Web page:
CLL Support Association
8,952 members14,297 posts

Clinic Trail Decision: FCR vs. Ibrutinib/Rituximab

I'm scheduled to start treatment for CLL in a few weeks. I live in the USA and have an opportunity to participate in a randomized clinic trail of FCR vs. Ibrutinib/Rituximab for treatment naive; < 65 years old subjects. The only health issue I have is CLL, (no blood pressure problem, Cholesterol, etc.) so I'm not on any prescription drugs. I have (a) no deletions, (b) the B-cells are negative for ZAP70 (18%), (c) IGH somatic hypermutation in B-CLL. The IGH V allele identified was 3-30*01 F. My WBC has gone from 140K to 240K in a year with a large tumor load.

What criteria have others used to decide whether to participate in a trial; and/or to go with the FCR course of treatment. The idea of taking pills (Ibrutinib) for an unknown amount of time is not very appealing. The study representative said that the very expensive medication would be supplied as long as I was responding to it (1 year or 10 years). That is very hard to believe that a drug company would agree to provide such an expensive medication indefinitely. Thanks for any response.

5 Replies

I would investigate the side effects of each drug as a starting point for a decision.

After which you need to look at the results gained from each treatment.

Side effects for ibrutinib are being documented regularly as more usage becomes the norm and time moves on as experience is gained from patients.

Of course if you go for the trial you will be taking the pills indefinitely where,as you say, FCR is normally a six month or less treatment but with a chemotherapy and therefore a toxic drug combination.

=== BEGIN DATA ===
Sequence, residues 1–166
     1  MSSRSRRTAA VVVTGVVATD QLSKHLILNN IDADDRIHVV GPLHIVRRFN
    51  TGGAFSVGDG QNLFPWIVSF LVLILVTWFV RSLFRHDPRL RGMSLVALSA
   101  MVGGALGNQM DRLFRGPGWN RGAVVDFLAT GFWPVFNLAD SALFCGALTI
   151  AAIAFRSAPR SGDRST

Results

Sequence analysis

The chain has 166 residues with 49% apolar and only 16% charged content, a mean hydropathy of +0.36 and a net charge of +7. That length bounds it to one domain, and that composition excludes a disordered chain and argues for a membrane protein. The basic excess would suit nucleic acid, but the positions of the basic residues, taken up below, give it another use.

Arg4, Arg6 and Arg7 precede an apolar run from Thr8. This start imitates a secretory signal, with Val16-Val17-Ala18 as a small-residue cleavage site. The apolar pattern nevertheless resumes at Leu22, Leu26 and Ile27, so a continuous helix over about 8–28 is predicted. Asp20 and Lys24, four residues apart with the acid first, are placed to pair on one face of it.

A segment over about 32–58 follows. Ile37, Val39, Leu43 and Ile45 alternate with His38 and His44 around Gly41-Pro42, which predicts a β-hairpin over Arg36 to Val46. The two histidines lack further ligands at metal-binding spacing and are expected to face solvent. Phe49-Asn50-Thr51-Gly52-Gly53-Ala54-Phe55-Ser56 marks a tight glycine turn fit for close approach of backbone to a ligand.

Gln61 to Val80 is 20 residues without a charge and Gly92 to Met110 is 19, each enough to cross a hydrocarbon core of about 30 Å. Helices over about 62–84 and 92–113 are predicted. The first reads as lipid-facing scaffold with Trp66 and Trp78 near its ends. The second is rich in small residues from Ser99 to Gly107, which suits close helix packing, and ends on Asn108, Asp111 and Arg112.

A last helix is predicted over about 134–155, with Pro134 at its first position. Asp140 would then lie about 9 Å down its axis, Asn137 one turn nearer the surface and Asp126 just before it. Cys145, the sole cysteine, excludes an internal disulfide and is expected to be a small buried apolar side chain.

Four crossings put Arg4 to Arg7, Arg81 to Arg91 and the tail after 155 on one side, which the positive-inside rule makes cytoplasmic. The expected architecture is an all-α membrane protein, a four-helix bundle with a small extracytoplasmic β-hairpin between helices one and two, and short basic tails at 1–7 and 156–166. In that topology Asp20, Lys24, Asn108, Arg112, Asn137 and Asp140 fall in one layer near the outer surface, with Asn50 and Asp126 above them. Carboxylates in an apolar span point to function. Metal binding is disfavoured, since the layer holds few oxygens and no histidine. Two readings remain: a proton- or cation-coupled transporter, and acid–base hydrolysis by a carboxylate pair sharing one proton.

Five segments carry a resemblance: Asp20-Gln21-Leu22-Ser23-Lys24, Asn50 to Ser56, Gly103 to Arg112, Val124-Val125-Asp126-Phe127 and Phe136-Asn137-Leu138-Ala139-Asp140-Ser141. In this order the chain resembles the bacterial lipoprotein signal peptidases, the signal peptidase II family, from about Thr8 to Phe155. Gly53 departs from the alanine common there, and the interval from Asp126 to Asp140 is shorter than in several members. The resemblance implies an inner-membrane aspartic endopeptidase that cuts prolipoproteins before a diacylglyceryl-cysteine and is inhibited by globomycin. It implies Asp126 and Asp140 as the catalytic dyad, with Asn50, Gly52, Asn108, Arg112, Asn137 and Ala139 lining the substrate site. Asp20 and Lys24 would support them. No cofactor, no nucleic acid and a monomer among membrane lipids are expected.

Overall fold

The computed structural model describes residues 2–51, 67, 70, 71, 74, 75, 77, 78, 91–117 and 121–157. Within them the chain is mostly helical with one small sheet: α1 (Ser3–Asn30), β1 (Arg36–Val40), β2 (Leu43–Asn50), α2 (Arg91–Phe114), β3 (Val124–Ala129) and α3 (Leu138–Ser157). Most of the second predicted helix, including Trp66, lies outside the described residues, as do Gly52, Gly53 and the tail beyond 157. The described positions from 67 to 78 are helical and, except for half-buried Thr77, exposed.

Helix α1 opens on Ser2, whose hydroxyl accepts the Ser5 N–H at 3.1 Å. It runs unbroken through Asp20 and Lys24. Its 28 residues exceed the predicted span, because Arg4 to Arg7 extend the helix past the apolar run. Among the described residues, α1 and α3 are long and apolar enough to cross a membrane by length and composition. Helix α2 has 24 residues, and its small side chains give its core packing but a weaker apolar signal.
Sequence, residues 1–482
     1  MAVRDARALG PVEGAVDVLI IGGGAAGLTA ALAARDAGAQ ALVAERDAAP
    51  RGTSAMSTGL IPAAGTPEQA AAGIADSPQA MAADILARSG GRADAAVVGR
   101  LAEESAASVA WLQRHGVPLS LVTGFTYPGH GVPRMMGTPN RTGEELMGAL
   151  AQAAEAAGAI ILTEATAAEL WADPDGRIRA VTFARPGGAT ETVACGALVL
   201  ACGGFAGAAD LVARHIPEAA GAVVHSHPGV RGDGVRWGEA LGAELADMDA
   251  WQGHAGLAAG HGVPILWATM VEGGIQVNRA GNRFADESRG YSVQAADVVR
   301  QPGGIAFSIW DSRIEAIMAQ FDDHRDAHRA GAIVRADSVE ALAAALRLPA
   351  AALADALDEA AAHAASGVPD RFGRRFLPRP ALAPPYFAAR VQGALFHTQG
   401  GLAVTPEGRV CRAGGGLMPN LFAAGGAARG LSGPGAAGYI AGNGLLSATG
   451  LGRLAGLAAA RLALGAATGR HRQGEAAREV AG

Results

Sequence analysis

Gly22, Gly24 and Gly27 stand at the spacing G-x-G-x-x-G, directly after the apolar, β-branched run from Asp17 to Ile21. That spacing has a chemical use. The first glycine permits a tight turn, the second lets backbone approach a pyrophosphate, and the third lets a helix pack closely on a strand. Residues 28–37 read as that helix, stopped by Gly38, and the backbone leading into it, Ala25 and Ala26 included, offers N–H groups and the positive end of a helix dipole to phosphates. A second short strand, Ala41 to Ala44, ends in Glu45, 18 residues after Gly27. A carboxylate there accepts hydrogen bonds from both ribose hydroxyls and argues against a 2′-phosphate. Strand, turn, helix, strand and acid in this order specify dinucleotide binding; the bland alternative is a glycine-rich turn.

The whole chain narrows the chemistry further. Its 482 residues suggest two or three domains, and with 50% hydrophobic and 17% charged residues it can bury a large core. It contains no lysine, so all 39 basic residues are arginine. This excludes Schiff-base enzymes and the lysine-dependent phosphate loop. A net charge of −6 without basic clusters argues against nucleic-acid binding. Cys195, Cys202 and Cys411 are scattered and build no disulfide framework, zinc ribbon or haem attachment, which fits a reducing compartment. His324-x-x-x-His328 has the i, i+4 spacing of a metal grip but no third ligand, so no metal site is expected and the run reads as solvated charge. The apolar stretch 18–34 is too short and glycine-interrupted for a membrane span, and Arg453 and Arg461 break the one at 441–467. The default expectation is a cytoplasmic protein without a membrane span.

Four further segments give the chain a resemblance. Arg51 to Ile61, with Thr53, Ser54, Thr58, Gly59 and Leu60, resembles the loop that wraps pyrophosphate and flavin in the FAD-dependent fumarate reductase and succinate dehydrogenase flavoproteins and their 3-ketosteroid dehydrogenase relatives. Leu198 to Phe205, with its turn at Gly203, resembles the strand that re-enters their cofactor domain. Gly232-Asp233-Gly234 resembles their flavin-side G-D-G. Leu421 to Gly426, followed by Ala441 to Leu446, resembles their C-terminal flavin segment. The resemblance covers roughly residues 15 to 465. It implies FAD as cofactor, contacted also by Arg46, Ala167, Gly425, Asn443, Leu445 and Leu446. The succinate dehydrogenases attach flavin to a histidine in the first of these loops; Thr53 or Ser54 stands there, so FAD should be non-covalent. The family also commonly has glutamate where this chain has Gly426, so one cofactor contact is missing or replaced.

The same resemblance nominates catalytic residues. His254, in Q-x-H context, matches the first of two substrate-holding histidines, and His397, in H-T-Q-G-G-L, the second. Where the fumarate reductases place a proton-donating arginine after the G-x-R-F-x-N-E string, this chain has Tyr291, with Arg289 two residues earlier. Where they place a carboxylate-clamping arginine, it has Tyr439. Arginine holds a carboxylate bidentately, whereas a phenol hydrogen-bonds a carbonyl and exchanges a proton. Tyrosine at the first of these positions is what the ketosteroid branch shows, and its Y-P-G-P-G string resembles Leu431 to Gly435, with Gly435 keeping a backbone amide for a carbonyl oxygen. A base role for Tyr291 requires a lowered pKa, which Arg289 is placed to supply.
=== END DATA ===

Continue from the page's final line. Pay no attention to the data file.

Having had FCR myself last year I was asked to go on a trial here in the Uk for a maintenance therapy however, I find that my system reacts to drugs and decided that I would not take the risk .

Every drug even aspirin can cause side effects,of course, you just have to weigh up the size of the risk against the benefits gained.

Hope this helps



Thanks so much for the reply. Would you share what your side effects were from the FCR?


Nuetropenia, two bouts of nuetropenic sepsis due to Nuets dropping to 0.01 and getting high temperature, drug rash due to chemo reacting with other regular meds, Diarrhoea on third session.

You can search for side effects of FCR and Macmillan do a leaflet that explains possible problems.


Hi FarmerGirl,

I've been on a Clinical Trial with Gilead Sciences for nearly three years now and whilst there have been some "ups & downs" over that time - overall the experience and results have been positive for me.

Obviously you can't necessarily assume that a new treatment is better than standard treatment. We don't know whether it is, which is why the new treatment is being tested in the first place. But there are advantages to taking part in a trial, including:-

A./ You may get a new treatment that works, that you could not get outside the trial

B./ You could be helping to improve cancer treatment for future patients

You will also be more closely monitored:-

Have more blood tests, CT scans or other cancer tests

Have check ups more often and for longer than usual with your doctor or research nurse

Many people find this reassuring. Some people find it makes them more nervous and preoccupied with cancer. Only you know how you feel about this. The tests and check ups you need to have are explained to you before you decide to enter the trial.

There is some risk that an experimental treatment could harm you. The research team may not know a great deal about the new treatment yet. They will keep a close eye on you, and will stop the treatment if necessary.

Remember that even in phase 1 or 2 trials, the treatment has been carefully researched in the laboratory before it is given to patients. With phase 3 trials, more is known about the new treatment so there is less risk that there could be a harmful side effect.

I know its a difficult decision - so may your God be with you..

2 Corinthians 1:4 Who comforts us in all our trials so that we may be able to comfort others in any sort of trial with the comfort that we receive from God.



Thank you for the helpful informtion. Lots to consider.


You may also like...